Josenhans FF ~ Speckled Trout

24 06 2011

Eric's speck

June 14, 15 and 16 brought a nice change of pace, in that we boated a few nice speckled trout, a rare catch of late. Granted, we have not been searching too hard for specks – what with the rock, flounder and bluefish action to keep us busy – but the windy conditions of these three days forced our hand. On Tuesday, Luther Carter, Albert Dulin and Eric Krouse met me at Somers Cove, along with a very stiff NW breeze. After some debate, we decided to give fishing a try along a protected shoreline of the Big Annemessex river. This was to be a pay-as-you-go day, and I can tell you that the meter didn’t run very long. After just two hours we  had had enough of the constant bombardment of the 25 knot winds and called it a day. But not before Eric was able to pull a colorful speck out of a semi-protected grassbed. Thanks for keeping the skunk out of the boat Eric.

Paul E. with a fat rock

I had an evening trip on Wednesday with Ray Leety, Paul Sirochman, Dave Stover and Paul Eichelberger. Ray brought his boat along so we weren’t crowded and together we made the long, bumpy (wind again) trip to lower Tangier Sound. The water was fairly clear in the lee of an island and the wind died a bit as the evening progressed. The guys were able to catch a few rockfish on poppers as the waters calmed and the sun set much too fast to the west. Ray had a pair of rock at 20 and 23 inches that exploded on his popper and gave him a good fight. Paul E. and Dave were fishing with me, and together they landed maybe a dozen fat stripers while casting four-inch pearl shads. It was a nice, pleasant four-hour trip and I enjoyed the company of four very good fishermen.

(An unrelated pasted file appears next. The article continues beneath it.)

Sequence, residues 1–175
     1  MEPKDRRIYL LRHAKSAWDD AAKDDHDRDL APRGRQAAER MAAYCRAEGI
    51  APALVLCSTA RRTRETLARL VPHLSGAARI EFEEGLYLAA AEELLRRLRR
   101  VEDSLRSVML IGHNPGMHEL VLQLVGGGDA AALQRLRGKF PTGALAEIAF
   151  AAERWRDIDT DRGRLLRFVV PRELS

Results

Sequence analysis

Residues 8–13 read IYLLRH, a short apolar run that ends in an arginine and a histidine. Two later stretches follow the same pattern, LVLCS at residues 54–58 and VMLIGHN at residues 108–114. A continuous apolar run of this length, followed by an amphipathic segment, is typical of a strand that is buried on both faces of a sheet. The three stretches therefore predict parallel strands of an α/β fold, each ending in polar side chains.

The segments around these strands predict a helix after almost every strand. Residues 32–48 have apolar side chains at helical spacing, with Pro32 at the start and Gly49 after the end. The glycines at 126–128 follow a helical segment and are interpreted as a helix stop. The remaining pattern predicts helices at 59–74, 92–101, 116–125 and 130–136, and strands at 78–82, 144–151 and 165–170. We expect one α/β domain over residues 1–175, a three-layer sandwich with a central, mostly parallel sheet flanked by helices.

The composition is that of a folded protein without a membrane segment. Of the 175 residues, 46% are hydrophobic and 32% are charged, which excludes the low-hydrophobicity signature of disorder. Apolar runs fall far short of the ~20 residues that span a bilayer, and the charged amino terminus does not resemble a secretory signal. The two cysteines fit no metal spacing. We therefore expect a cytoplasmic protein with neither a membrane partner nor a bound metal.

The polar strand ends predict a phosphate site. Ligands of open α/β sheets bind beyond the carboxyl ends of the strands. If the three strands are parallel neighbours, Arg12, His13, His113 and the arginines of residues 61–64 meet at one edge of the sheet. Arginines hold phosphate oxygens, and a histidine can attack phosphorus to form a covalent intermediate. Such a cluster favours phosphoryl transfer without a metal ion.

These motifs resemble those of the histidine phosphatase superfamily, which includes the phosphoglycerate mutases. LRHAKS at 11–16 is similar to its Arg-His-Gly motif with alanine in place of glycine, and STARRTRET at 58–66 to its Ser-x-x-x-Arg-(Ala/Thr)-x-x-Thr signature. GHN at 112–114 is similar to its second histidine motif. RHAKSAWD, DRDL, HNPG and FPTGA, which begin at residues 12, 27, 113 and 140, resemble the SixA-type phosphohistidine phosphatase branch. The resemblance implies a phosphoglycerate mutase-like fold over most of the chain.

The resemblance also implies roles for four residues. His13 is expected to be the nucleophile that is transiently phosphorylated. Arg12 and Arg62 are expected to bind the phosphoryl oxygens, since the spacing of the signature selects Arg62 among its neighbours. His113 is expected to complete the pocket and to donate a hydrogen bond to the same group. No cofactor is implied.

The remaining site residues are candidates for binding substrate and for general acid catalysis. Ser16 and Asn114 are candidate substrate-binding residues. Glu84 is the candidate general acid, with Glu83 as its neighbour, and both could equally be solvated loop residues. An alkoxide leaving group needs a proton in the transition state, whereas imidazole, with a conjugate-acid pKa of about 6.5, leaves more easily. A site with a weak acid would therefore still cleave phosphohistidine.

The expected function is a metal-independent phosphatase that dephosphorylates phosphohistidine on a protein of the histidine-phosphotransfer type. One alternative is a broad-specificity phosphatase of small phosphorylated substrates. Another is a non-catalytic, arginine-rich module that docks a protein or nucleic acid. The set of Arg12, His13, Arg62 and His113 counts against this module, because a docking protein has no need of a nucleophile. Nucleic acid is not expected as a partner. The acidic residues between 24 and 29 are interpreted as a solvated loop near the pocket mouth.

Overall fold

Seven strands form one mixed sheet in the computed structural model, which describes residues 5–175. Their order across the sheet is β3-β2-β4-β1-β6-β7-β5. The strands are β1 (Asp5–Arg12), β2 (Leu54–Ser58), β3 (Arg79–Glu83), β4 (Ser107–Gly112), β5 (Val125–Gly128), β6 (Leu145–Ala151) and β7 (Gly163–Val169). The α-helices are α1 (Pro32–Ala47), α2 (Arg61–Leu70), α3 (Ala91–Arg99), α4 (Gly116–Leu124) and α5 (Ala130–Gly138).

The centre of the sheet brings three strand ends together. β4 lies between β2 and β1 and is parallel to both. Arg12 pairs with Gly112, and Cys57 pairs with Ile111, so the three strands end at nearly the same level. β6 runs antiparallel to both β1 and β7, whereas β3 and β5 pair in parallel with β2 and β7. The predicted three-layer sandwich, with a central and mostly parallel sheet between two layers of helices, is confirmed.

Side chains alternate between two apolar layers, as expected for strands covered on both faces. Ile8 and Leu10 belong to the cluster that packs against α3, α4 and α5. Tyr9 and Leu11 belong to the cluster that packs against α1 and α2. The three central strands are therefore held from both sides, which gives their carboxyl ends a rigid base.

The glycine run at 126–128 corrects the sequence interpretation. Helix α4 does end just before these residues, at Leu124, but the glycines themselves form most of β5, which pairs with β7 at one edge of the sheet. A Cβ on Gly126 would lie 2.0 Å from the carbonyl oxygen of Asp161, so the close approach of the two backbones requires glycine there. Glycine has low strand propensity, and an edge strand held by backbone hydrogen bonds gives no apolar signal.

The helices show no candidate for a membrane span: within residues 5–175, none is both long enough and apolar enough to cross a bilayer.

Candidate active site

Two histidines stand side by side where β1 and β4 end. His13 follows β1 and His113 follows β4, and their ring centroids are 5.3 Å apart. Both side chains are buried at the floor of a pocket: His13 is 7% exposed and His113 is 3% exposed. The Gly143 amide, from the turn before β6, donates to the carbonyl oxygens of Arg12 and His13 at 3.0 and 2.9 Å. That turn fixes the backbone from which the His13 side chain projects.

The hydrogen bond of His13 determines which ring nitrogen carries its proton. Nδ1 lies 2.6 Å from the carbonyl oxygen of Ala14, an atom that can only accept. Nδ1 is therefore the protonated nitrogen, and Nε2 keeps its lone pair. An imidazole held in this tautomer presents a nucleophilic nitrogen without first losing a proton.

Ray and Paul S. with Ray's five pound speck

The same group met me bright and early on Thursday for a half day morning outing. This time Ray and Paul S. rode with me. As we rounded the “five-legger” (buoy at mouth of Little Annemessex) I had every intention of beginning our day where we ended it the previous evening. A couple of shots of salty spray to the face from a strong southerly breeze quickly erased those thoughts from my head. I opted for the west side of Smith Island where I believed that I could find some clear water. Casting a Storm Wildeye Shad to some rocky structure quickly netted Ray a beautiful, fat, five-pound speckled trout. I don’t know about Ray but that one fish made my day.

Paul's speck hit a popper

 Between both boats we were only able to scratch up a few smallish rock, as the wind was really making things miserable. We bit the bullet and pounded our way back across the sound to the Big Annemessex river. We found some pretty grass flats in the lee of some islands and Ray managed a small rock but little else. As we were heading towards Paul E. and Dave in the other boat I saw a large splash and Paul with his rod bent double. My first thought was that he had snagged a large cow nose ray, but as we got closer we witnessed Paul posing for the camera holding a speck that was almost a carbon copy of Ray’s. The explosion of water I observed was the speck crashing a popper on Paul’s first cast. It was a fitting way to end the morning, and a shake of the fist to the ever-present wind.


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